She was then suspended for 28 days with pay while the school district, State College Police Department and Children and Youth Services conducted investigations. According to the lawsuit, the student's mother sent an email to the school saying the child was "fine" and may have embellished the story.

The CYS investigator concluded the allegation was "unfounded," meaning it was insufficient to justify criminal charges. Etter said in May that the CYS investigator "found the student to be 'credible' when the student stated that the music teacher hit [the child]," and that the investigator stated Bevan "was not being honest about the incident that day." 

A CYS supervisor also said the allegation resulted in being unfounded because there was no lasting pain or injury but that, "We believe the facts — the facts and that this incident occurred," adding that  the "unfounded" letter is sent "when we think something happened that was inappropriate. But it didn't rise to the level of us being able to indicate or found an abuse."

A State College police school resource officer said after his investigation he believed there was sufficient evidence to charge Bevan with a crime.

Following the investigations, Bevan was suspended for five days without pay, three for allegedly striking the student and two for not cooperating with the investigation. 

"After a full and complete review with our district leadership team, I made the decision to suspend Ms. Bevan for five days and put her on a district supported improvement plan," O'Donnell said on Thursday. "To this day, I stand by my decision and believe my actions were justified based on the sum of the information I had."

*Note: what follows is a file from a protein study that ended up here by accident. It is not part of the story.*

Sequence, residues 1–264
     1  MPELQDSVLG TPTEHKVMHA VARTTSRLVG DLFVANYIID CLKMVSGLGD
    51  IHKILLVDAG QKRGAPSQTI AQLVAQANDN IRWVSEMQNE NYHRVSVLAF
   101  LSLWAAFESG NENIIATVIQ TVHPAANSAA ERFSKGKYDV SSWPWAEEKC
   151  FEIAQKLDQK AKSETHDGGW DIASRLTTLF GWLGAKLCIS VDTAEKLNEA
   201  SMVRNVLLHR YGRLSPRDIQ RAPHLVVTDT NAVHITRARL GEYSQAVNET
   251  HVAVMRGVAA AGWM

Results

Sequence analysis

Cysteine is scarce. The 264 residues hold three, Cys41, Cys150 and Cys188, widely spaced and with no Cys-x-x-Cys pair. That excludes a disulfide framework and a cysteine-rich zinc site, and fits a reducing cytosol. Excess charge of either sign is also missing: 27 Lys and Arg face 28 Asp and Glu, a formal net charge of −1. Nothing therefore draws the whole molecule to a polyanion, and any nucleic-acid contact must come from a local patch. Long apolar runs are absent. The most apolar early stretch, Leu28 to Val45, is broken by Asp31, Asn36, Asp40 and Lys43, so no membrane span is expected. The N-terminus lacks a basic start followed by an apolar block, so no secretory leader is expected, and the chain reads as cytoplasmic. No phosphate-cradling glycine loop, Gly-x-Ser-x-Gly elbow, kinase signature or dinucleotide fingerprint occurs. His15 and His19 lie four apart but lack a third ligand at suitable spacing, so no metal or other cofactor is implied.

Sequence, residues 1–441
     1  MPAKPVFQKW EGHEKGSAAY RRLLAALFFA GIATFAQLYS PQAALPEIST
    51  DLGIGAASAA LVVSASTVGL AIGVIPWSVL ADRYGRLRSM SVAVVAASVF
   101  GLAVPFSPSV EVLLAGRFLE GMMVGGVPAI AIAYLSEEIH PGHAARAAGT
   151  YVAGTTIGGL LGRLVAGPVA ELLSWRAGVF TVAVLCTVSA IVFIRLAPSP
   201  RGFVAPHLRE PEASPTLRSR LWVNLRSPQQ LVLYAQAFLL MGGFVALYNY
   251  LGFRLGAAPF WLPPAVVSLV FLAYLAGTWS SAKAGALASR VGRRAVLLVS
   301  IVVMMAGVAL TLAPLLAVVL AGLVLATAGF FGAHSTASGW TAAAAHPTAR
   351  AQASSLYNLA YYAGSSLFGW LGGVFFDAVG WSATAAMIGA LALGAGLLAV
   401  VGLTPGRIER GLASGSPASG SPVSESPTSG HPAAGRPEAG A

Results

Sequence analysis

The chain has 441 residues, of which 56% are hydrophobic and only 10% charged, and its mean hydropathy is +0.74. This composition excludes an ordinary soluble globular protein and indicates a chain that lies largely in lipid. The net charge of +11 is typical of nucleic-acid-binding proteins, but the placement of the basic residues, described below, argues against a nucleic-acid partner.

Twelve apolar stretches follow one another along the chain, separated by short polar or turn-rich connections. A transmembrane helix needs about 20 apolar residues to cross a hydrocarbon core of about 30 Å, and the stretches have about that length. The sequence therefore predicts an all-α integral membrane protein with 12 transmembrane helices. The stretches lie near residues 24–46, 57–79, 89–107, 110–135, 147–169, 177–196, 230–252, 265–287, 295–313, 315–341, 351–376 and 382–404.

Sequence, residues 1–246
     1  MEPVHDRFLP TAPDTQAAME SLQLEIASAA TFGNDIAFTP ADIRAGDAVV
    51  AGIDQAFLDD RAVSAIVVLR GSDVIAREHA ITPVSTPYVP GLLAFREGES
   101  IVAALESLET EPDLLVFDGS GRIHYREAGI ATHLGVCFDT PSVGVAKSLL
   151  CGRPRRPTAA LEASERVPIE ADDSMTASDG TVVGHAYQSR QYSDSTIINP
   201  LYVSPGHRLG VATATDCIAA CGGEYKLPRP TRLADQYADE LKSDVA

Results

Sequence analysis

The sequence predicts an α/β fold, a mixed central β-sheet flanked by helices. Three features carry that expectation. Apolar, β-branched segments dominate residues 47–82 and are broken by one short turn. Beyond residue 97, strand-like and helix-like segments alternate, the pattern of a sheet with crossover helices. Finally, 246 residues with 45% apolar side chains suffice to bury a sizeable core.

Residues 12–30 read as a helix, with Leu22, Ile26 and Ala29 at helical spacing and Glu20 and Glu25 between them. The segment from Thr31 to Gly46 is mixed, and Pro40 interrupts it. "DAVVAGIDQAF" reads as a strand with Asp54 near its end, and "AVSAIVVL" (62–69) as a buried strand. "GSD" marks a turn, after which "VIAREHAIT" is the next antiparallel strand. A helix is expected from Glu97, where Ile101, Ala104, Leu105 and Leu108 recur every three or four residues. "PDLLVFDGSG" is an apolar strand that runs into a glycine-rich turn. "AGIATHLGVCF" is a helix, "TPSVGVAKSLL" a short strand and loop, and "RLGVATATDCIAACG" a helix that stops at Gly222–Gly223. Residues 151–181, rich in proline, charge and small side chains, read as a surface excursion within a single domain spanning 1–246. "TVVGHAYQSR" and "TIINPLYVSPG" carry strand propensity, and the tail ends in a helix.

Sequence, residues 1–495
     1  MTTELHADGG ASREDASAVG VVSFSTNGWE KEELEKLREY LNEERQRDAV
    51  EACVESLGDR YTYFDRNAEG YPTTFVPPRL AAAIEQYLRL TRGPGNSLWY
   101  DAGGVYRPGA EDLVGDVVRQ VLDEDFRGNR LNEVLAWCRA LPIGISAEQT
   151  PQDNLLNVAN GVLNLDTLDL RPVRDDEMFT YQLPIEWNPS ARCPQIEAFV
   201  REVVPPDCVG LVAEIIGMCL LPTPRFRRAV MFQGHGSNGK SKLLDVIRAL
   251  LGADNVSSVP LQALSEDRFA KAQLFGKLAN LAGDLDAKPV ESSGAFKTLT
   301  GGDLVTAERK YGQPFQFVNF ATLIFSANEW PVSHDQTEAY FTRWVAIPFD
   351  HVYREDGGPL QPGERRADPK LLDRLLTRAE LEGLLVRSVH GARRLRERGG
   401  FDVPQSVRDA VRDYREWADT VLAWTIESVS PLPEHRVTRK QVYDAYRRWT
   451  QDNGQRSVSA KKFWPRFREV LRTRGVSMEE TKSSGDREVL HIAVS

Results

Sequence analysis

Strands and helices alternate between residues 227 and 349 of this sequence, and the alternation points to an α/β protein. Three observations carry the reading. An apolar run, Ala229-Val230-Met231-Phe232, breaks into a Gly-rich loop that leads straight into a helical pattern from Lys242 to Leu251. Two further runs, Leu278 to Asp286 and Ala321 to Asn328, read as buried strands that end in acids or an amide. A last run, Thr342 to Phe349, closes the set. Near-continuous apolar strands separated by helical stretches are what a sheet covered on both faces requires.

O'Donnell wrote in a follow-up letter to Bevan that the investigations concluded that "inappropriate behavior occurred," but Bevan said the only evidence against her were uncorroborated statements by the child and two other third-grade students.

"The decision to suspend Mrs. Bevan followed the results of three separate investigations into her alleged conduct," O'Donnell's attorney, Christopher Conrad, wrote in a brief filed in June. "Quite clearly, the decision to suspend Mrs. Bevan was not made arbitrarily, and it was entirely reasonable for Dr. O’Donnell to rely upon the results of those investigations, including in particular two independent investigations conducted by CYS and the local police department, when deciding to impose discipline upon Mrs. Bevan."